Honduras History After 1970
A civilian President, Ramon Cruz of the National Party, took power briefly in 1970, but proved unable to manage the government. In December 1972, Gen. Lopez staged another coup. Lopez adopted more progressive policies, including land reform, but his regime was brought down in the mid-1970s by corruption scandals.
Gen. Lopez’s successors continued armed forces modernization programs, built army and security forces, and concentrated on Honduran Air Force superiority over its neighbors. The regimes of Gen. Melgar Castro (1975-78) and Gen. Paz Garcia (1978-83) largely built the current physical infrastructure and telecommunications system of Honduras. The country also enjoyed its most rapid economic growth during this period, due to greater international demand for its products and the availability of foreign commercial lending.
Following the overthrow of Anastasio Somoza in Nicaragua in 1979 and general instability in El Salvador at the time, the Honduran military accelerated plans to return the country to civilian rule. A constituent assembly was popularly elected in April 1980, and general elections were held in November 1981. A new constitution was approved in 1982, and the Liberal Party government of President Roberto Suazo Cordoba took office following free and fair elections.
Suazo relied on U.S. support to help during a severe economic recession which was the result of regional instability caused by the revolutionary Sandinista government in Nicaragua and the chaos of the brutal civil war in El Salvador. Close cooperation on political and military issues with the United States was complemented by ambitious social and economic development projects sponsored by the U.S. Agency for International Development (USAID). Honduras became host to the largest Peace Corps mission in the world, and nongovernmental and international voluntary agencies proliferated.
El Salvador and Honduras formally signed a peace treaty on October 30, 1980, which put the border dispute before the International Court of Justice (ICJ).
As the November 1985 election approached, the Liberal Party had difficulty settling on a candidate, and interpreted election law as permitting multiple presidential candidates from one party. The Liberal Party claimed victory when its presidential candidates, who received 42% of the vote, collectively outpolled the National Party candidate, Rafael Leonardo Callejas. Jose Azcona Hoyo, the candidate receiving the most votes among the Liberals, assumed the presidency in January 1986. With the endorsement of the Honduran military, the Azcona administration ushered in the first peaceful transfer of power between civilian presidents in more than 30 years.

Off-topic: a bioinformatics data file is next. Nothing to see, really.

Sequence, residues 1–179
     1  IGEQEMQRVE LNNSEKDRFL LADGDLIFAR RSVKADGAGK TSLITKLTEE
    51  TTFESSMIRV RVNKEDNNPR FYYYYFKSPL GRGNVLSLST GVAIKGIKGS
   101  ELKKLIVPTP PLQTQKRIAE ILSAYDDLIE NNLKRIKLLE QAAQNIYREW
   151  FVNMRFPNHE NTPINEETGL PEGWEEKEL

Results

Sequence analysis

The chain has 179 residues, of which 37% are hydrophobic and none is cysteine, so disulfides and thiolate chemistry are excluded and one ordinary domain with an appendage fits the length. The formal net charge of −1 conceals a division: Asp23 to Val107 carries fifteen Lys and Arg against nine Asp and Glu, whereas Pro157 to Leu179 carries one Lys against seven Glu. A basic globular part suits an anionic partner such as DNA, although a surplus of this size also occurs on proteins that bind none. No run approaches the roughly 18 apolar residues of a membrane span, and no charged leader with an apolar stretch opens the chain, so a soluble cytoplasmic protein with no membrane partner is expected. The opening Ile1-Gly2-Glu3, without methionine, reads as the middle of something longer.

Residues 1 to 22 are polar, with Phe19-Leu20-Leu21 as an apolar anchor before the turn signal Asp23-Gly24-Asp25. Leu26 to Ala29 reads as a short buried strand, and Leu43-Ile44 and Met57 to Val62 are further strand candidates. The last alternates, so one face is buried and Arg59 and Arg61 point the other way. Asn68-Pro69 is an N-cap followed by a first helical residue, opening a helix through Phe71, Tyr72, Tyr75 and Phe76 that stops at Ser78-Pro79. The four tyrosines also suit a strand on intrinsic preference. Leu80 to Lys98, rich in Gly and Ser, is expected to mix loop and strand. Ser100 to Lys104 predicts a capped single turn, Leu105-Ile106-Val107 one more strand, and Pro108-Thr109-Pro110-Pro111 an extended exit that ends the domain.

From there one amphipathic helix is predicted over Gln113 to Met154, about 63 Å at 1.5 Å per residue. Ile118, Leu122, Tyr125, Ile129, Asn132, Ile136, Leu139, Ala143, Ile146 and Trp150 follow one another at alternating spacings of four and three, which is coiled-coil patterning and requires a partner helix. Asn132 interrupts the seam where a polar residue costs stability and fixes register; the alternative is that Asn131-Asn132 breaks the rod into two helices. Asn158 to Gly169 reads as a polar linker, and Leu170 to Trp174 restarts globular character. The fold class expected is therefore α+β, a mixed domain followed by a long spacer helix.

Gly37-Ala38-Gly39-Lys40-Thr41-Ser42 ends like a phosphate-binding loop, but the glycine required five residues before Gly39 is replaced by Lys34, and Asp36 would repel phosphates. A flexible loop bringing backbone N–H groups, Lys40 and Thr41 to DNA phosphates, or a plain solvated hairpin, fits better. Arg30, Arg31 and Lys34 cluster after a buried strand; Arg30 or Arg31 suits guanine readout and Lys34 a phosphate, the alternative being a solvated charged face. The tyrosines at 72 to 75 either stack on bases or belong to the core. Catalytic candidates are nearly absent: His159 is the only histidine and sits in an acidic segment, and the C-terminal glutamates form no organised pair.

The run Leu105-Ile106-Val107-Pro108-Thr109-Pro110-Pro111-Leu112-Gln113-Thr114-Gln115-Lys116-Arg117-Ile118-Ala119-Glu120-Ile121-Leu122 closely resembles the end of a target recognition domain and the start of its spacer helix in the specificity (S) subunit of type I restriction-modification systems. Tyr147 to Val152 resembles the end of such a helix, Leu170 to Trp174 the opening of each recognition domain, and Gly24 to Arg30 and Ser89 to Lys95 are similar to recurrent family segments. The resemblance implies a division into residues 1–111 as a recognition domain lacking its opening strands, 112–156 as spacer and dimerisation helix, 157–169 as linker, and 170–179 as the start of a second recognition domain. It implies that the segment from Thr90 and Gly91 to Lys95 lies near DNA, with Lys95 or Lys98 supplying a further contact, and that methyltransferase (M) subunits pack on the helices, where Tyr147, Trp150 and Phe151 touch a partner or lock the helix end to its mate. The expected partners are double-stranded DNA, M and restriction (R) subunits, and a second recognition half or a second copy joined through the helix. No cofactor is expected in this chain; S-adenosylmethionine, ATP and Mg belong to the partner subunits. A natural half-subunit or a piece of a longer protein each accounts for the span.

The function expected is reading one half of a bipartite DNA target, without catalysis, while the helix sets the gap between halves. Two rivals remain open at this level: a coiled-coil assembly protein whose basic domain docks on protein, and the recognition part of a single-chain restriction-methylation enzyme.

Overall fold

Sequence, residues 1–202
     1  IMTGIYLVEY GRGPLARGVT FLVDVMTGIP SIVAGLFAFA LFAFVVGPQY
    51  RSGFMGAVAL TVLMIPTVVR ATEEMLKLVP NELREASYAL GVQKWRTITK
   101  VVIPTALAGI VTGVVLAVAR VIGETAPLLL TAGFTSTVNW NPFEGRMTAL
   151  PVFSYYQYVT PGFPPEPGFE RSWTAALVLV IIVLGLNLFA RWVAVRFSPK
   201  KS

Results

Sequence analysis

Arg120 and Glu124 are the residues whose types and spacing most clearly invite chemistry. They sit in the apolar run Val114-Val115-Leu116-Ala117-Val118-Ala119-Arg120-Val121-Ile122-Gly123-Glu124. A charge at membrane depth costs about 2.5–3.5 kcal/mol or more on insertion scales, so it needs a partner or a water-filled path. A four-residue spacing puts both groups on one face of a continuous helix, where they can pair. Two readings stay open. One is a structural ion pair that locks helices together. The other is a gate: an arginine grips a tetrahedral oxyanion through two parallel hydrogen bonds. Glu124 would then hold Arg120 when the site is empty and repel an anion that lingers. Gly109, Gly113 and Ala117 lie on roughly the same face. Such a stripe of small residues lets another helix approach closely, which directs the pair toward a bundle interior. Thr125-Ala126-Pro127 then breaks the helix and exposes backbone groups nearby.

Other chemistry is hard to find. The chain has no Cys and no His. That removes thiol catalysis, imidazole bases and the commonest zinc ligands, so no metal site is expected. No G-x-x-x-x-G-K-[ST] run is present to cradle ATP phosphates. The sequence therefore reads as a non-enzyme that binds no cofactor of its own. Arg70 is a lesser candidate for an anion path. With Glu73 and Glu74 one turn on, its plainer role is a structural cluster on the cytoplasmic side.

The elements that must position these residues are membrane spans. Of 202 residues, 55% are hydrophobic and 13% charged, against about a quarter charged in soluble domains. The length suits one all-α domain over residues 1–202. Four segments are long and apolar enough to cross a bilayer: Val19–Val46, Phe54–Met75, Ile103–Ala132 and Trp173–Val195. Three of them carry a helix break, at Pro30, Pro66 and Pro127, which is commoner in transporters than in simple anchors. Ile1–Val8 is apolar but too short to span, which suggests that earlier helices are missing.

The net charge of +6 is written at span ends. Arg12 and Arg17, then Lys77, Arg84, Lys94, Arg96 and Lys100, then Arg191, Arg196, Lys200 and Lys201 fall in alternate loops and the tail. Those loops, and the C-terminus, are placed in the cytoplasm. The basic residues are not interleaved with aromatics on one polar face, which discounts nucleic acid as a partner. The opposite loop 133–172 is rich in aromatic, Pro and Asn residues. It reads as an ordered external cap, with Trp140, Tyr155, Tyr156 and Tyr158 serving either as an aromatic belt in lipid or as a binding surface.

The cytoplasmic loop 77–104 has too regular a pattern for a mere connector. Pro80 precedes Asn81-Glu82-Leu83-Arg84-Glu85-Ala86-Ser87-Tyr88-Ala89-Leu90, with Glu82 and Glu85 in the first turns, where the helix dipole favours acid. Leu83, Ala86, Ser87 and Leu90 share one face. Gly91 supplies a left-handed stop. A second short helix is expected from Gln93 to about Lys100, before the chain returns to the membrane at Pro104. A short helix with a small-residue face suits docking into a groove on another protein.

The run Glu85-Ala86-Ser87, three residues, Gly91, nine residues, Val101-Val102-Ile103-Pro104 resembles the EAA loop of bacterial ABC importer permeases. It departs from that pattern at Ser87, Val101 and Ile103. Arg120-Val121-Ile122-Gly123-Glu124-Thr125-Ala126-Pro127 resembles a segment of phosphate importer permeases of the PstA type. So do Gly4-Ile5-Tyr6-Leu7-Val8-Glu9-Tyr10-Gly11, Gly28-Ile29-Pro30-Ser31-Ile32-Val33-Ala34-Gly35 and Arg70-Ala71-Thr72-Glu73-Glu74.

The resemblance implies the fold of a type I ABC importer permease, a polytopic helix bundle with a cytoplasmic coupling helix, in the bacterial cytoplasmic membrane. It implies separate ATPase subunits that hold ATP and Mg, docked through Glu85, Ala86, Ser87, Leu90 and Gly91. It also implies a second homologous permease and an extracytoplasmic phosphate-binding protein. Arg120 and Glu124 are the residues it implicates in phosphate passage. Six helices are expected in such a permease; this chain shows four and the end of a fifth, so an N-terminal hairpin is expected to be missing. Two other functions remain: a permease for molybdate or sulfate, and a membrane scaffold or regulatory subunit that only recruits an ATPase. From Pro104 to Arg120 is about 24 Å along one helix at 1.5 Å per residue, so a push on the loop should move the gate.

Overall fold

Four years later, Rafael Callejas won the presidential election, taking office in January 1990. Callejas concentrated on economic reform, reducing the deficit, and taking steps to deal with an overvalued exchange rate and major structural barriers to investment. He began the movement to place the military under civilian control and laid the groundwork for the creation of the public ministry (attorney general’s office).
In September 1992, the border dispute between Honduras and El Salvador reached a culmination, as the Court awarded most of the disputed territory to Honduras.
Despite the Callejas administration’s economic reforms, the nation’s fiscal deficit ballooned during his last year in office. Growing public dissatisfaction with the rising cost of living and with widespread government corruption led voters in 1993 to elect Liberal Party candidate Carlos Roberto Reina over National Party contender Oswaldo Ramos Soto, with Reina winning 56% of the vote.
President Reina, elected on a platform calling for a “moral revolution,” actively prosecuted corruption and pursued those responsible for human rights abuses in the 1980s. He created a modern attorney general’s office and an investigative police force, and was successful in increasing civilian control over the armed forces and transferring the police from military to civilian authority.
Reina also restored national fiscal health by substantially increasing Central Bank net international reserves, reducing inflation, restoring economic growth, and, perhaps most importantly, holding down spending.
In January 1998, Honduras and El Salvador signed a border demarcation treaty to implement the terms of the ICJ decree although delays continue due to technical difficulties. Honduras and El Salvador maintain normal diplomatic and trade relations; however, they continue to disagree over the status of their maritime borders in the Gulf of Fonseca.